paid for out of pocket; for consistency, the proposed resource definition does not add the value of health insurance. Also for consistency, the proposed definition subtracts out-of-pocket medical care expenses from income: even with insurance, many people must pay out of pocket to obtain that insurance or to receive care, and such expenses reduce disposable income.

Although the proposed poverty measure excludes medical care from both the thresholds and resources, it will reflect changes in health care policy that affect disposable income. For example, if changes in health care financing reduce out-of-pocket medical expenditures and thereby free up resources for food, housing, and other consumption, the proposed measure will show a lower poverty rate; the current measure would not show this effect. We also recommend that appropriate agencies develop direct indicators of the extent to which families lack or have inadequate health insurance that puts them at risk of not being able to afford needed treatment. These "medical care risk" measures should be cross-tabulated with but kept separate from the economic poverty measure.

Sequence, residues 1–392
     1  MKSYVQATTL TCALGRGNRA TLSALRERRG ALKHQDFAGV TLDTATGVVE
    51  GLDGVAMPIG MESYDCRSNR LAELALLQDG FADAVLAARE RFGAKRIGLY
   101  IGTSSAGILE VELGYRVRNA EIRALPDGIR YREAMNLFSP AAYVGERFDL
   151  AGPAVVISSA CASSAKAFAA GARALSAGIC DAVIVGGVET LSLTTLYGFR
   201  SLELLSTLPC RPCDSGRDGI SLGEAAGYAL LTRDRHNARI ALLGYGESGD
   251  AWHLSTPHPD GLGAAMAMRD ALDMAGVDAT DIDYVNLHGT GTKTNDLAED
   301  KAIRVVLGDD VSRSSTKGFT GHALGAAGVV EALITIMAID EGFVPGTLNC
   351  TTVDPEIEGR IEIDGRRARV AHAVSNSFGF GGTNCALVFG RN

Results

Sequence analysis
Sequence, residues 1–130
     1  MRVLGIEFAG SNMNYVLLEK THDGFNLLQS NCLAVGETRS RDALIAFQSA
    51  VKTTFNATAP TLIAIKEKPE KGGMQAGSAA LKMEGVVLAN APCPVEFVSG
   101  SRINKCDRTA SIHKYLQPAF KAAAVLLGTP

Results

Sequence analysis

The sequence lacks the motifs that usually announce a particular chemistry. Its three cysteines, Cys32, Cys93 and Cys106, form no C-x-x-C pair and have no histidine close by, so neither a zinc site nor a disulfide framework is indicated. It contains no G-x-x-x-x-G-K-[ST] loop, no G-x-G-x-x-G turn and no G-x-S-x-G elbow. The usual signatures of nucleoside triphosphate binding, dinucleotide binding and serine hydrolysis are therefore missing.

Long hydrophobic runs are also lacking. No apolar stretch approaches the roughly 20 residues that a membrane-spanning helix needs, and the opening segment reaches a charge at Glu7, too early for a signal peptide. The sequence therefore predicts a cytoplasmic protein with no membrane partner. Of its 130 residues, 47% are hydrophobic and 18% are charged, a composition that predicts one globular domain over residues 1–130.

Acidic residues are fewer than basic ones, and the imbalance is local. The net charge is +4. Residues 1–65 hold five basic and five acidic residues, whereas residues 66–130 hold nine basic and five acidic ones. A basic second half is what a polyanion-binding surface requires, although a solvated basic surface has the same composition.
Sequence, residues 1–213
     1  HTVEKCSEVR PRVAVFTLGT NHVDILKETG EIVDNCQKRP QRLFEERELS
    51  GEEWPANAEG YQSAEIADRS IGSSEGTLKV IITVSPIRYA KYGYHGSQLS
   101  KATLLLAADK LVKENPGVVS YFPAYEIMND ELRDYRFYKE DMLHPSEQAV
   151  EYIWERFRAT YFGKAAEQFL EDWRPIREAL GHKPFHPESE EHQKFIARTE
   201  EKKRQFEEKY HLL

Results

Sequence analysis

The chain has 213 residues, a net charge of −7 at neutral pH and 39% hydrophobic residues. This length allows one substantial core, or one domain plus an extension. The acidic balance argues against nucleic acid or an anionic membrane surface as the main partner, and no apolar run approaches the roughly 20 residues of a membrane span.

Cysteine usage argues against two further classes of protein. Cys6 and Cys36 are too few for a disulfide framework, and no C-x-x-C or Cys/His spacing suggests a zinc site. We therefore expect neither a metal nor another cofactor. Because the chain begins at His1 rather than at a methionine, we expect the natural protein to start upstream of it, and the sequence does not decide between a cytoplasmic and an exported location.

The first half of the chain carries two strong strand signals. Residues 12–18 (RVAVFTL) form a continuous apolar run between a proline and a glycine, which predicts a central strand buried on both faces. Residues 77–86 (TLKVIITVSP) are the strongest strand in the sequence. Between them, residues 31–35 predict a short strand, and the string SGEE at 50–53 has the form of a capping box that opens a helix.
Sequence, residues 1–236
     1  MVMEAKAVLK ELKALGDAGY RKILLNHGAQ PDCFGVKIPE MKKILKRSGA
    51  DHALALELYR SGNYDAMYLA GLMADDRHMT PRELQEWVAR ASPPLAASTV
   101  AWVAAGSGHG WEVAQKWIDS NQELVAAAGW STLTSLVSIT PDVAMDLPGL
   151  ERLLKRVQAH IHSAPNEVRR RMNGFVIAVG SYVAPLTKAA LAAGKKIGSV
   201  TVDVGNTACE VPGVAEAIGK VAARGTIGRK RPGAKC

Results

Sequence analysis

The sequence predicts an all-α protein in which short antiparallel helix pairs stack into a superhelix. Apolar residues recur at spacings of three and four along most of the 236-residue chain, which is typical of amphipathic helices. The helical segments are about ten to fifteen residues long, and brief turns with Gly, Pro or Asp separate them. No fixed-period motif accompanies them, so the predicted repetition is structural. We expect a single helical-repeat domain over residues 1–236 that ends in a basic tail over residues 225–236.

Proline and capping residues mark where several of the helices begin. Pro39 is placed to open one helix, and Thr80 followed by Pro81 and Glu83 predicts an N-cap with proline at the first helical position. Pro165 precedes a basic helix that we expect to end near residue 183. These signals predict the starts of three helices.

RECOMMENDATION 4.1. In developing poverty statistics, any significant change in the definition of family resources should be accompanied by a consistent adjustment of the poverty thresholds.

RECOMMENDATION 4.2. The definition of family resources for comparison with the appropriate poverty threshold should be disposable money and near-money income. Specifically, resources should be calculated as follows:

  • estimate gross money income from all public and private sources for a family or unrelated individual (which is income as defined in the current measure);

  • add the value of near-money nonmedical in-kind benefits, such as food stamps, subsidized housing, school lunches, and home energy assistance;

  • deduct out-of-pocket medical care expenditures, including health insurance premiums;

  • deduct income taxes and Social Security payroll taxes;

  • for families in which there is no nonworking parent, deduct actual child care costs, per week worked, not to exceed the earnings of the parent with the lower earnings or a cap that is adjusted annually for inflation;

  • for each working adult, deduct a flat amount per week worked (adjusted annually for inflation and not to exceed earnings) to account for work-related transportation and miscellaneous expenses; and

  • deduct child support payments from the income of the payer.

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